Common Swifts Can Stay Ten Months in Air without Landing, Claim Ornithologists
Common swifts ( Apus apus ) remain airborne for 10 months of their non-breeding period, according to a new study by Lund University ornithologists.
A common swift ( Apus apus ). Image credit: N. Camilleri.
While there had been examples of birds remaining in flight for periods of months, including frigate birds and alpine swifts, the evidence on common swifts sets a new record.
“This discovery significantly pushes the boundaries for what we know about animal physiology. A 10-month flight phase is the longest we know of any bird species — it’s a record,” said lead author Prof. Anders Hedenström, from the Department of Biology at Lund University, Sweden.
“When the common swifts leave their breeding site in August for a migration to the Central African rainforests via West Africa, they never touch ground until they return for the next breeding season 10 months later,” he explained.
“Some individuals may roost for brief periods, or even entire nights in mid-winter, but others literally never landed during this period.”
“The birds likely save energy during the day by gliding in upward currents of warm air. But they also ascend to high altitudes each day at dawn and dusk.”
Prof. Hedenström and his colleagues at Lund University followed 13 individual birds, some of them for two years in a row.
Using a new type of microdata log, attached to each bird, the researchers were able to determine whether the birds were in the air or not, their acceleration, and where they had been at any given time.
The results show that some of the birds landed during short periods at night, sometimes during an entire night.
But even these birds spent more than 99.5% of their 10-month migration and hibernation period in the air.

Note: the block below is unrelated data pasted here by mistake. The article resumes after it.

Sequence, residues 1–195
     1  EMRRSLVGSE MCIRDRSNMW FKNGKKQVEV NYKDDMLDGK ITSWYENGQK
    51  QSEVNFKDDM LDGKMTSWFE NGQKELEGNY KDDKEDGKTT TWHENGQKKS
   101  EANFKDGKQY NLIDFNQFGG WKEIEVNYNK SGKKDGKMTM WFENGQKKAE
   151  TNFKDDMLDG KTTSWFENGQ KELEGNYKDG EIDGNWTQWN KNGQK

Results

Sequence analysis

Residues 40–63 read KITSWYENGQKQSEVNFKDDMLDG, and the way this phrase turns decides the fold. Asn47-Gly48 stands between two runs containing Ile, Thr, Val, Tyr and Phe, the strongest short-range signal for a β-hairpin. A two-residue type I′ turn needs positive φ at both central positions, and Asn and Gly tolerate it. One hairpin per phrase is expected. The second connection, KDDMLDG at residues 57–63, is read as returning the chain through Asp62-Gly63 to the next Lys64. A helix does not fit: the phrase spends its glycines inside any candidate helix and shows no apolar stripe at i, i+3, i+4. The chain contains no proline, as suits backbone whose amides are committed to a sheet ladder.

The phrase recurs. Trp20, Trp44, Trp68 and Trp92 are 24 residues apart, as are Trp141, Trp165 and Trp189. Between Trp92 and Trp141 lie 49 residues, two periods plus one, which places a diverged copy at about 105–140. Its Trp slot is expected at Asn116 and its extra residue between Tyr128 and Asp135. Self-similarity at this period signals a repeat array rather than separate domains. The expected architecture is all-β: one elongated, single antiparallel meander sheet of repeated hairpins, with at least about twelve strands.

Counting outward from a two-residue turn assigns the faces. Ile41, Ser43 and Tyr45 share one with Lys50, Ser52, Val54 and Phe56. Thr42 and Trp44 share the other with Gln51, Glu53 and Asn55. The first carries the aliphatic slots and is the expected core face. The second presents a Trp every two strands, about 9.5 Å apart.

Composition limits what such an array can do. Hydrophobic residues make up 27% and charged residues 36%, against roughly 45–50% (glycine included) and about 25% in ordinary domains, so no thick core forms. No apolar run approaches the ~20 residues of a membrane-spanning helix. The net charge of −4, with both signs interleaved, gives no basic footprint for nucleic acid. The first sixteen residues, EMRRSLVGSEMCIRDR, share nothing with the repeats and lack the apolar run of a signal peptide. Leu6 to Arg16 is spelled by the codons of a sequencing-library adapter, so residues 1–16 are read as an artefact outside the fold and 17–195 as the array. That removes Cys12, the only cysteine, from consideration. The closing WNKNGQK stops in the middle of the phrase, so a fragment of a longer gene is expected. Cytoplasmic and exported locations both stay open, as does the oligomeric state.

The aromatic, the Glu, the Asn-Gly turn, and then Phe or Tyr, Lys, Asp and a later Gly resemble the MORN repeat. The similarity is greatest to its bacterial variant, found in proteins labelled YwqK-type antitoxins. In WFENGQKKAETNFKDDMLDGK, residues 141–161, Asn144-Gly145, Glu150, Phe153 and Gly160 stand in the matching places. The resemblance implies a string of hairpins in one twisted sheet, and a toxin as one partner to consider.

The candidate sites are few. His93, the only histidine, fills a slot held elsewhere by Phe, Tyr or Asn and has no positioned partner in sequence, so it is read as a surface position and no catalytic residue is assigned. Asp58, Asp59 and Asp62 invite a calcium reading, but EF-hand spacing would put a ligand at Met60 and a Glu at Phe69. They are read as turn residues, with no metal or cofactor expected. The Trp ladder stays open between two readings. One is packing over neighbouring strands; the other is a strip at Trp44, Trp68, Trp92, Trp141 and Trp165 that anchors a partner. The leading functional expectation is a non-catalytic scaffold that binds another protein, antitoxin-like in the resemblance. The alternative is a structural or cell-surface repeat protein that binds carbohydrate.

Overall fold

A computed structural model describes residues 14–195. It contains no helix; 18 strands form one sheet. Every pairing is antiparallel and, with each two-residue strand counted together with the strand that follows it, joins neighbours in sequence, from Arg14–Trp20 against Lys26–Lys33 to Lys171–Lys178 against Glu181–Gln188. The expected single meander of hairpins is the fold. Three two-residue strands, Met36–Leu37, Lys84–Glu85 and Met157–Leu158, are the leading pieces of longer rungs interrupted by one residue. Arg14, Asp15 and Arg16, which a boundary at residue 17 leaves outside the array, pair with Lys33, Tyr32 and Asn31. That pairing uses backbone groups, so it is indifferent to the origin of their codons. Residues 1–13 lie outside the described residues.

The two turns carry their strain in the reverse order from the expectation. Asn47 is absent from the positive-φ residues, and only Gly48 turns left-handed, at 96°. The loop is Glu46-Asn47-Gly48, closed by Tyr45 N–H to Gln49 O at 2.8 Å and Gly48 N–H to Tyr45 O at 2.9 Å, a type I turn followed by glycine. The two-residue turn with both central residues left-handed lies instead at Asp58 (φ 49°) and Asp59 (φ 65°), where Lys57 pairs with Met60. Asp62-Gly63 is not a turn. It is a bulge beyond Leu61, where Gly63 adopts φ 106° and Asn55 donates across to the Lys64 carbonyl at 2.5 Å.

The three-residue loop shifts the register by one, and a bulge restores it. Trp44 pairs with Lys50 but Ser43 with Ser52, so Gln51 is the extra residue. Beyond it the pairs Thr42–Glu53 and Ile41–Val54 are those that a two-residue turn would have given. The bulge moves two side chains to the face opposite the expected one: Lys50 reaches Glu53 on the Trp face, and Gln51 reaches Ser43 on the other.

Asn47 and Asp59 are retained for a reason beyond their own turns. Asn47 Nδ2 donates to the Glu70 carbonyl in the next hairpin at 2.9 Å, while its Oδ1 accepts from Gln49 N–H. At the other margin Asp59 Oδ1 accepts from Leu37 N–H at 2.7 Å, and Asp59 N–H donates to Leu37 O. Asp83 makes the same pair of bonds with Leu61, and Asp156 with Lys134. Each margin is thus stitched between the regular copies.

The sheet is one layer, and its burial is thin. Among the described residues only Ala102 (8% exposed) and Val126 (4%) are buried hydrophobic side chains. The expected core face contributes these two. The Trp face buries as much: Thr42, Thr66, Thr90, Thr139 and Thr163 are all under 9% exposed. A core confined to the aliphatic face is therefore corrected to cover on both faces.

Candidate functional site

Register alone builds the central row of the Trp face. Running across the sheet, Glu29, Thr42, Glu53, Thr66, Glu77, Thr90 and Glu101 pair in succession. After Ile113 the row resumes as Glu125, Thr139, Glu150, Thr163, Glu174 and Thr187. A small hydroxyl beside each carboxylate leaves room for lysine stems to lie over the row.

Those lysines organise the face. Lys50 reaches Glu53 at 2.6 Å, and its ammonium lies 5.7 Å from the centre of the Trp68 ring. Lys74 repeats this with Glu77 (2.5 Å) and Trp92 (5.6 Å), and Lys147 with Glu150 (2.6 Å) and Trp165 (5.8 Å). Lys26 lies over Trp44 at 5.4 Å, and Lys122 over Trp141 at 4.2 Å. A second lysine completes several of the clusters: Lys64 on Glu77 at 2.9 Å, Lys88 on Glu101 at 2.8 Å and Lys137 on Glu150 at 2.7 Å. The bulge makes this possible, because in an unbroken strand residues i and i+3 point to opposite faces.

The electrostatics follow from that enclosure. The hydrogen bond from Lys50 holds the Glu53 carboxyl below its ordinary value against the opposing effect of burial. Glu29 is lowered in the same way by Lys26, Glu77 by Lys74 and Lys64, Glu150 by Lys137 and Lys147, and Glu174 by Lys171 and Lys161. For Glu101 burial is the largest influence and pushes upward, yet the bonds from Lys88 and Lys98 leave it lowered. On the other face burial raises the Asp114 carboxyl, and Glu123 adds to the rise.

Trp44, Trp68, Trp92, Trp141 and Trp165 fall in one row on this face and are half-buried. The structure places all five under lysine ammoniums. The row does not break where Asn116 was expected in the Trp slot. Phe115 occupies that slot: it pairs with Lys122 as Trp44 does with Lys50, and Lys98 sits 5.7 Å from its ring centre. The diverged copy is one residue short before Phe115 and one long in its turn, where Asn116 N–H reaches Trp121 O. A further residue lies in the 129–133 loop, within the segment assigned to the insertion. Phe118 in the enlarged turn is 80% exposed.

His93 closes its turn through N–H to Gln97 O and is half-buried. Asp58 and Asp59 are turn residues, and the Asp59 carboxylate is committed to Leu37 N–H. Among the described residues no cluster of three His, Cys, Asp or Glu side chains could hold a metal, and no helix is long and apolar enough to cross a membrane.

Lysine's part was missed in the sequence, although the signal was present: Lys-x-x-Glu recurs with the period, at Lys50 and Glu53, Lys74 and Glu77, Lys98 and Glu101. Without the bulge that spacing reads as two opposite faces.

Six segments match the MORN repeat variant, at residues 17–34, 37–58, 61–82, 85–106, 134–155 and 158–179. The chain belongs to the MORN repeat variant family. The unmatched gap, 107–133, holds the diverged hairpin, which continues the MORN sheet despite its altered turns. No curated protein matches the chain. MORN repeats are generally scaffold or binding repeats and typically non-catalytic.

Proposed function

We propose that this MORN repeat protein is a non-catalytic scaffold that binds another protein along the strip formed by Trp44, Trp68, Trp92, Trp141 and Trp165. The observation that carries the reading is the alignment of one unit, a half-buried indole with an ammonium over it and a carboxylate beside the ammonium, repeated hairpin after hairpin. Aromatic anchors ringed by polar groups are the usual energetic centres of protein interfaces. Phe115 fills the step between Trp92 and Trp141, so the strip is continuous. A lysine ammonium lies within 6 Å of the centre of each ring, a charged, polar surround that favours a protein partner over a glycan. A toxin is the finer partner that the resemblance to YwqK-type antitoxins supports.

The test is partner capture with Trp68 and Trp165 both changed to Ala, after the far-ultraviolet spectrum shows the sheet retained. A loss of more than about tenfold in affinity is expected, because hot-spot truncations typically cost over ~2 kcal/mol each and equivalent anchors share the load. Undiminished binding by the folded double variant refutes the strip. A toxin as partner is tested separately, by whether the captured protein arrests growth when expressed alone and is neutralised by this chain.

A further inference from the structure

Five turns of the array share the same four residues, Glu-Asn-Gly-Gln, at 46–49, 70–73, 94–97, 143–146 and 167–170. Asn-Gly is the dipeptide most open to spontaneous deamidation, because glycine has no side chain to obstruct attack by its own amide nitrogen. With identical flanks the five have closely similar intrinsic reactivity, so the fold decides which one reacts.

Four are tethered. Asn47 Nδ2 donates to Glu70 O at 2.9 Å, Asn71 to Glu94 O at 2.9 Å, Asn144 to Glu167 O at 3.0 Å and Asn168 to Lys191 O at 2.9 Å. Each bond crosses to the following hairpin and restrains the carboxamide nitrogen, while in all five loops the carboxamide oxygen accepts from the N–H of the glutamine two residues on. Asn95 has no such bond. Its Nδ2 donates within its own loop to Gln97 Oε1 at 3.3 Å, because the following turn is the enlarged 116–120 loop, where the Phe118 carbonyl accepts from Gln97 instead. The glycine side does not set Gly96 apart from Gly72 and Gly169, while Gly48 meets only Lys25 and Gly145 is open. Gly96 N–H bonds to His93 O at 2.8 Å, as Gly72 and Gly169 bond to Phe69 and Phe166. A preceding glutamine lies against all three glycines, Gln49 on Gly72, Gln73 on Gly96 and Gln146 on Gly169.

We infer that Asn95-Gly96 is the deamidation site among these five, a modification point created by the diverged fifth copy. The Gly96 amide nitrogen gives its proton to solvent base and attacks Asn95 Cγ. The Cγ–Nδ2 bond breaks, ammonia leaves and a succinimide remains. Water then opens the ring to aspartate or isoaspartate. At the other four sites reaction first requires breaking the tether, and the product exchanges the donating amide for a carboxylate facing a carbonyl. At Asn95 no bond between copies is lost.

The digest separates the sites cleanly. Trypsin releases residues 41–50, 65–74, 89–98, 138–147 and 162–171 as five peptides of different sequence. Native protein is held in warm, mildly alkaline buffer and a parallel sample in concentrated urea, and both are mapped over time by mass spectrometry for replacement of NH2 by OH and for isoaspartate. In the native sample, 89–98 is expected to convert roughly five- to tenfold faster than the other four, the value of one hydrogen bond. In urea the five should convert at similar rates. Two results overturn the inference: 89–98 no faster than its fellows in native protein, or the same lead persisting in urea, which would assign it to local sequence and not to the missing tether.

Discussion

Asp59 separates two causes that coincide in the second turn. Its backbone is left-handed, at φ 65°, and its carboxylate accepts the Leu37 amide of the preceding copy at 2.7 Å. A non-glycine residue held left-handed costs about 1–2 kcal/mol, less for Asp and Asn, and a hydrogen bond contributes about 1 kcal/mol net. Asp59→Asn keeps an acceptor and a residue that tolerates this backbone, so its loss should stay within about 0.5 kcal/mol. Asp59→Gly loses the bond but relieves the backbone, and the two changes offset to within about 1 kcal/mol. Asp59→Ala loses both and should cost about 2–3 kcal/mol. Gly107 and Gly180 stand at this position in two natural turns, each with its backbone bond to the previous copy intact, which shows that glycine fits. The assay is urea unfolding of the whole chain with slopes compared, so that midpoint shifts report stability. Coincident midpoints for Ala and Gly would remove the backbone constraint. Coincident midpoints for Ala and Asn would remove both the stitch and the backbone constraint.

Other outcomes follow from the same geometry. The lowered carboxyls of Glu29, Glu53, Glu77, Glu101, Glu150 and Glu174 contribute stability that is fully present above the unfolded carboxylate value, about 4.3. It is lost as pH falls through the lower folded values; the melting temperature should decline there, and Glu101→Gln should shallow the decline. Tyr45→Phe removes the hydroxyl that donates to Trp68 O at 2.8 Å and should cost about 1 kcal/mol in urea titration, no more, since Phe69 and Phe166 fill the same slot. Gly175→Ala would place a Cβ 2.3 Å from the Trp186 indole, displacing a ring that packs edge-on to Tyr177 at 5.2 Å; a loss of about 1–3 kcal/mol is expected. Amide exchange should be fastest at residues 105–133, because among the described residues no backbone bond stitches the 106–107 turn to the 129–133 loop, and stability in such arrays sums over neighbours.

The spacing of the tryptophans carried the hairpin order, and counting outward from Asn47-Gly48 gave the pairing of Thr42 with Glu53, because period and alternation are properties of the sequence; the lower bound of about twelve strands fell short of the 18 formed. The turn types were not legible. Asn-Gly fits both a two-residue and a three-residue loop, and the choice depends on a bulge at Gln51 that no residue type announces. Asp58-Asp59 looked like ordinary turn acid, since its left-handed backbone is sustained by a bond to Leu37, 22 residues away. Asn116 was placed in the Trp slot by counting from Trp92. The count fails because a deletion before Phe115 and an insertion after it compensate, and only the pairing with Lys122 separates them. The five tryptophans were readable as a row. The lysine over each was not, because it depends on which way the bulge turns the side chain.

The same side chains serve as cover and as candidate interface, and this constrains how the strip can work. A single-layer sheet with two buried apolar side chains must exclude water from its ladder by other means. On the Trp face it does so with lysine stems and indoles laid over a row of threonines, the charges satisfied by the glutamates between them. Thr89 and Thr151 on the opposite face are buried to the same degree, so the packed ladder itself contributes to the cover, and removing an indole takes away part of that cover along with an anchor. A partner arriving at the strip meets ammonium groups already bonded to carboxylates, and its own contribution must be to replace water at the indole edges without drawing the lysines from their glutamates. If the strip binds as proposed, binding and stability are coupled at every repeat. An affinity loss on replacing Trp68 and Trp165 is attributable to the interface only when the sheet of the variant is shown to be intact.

Data from other birds show that they did not land a single time in 10 months.
The birds which had never landed had all molted and gained new flight feathers (wing and tail), while the majority of those who, on some occasion, landed had not molted their wing feathers.
“Whether they molt or not could indicate small differences in their general condition or burden of parasites, and explain the flight behavior of individual birds within the species,” Prof. Hedenström said.
The new knowledge about the swifts has already generated new questions such as how they handle the high energy consumption during 10 months in the air, and how they fly and sleep at the same time?
“They might do as the frigate bird and sleep while gliding,” Prof. Hedenström said.
“Every day, at dusk and dawn, the common swift rises up to an altitude of about 6,500-9,800 feet (2-3 km). Perhaps they sleep during a declining glide, but we’re not sure.”
“Despite the high energetic costs associated with all that flight, common swifts also manage to live surprisingly long lives, contrary to popular notions about living hard and dying young. There are documented cases of common swifts living to the age of 20.”
“In that time, the accumulated flight distance equals seven round-trip journeys to the Moon. And that means there are many more intriguing questions to ask and answer about the birds’ physiology,” Prof. Hedenström added.
The team’s findings were published online Oct. 27 in the journal Current Biology .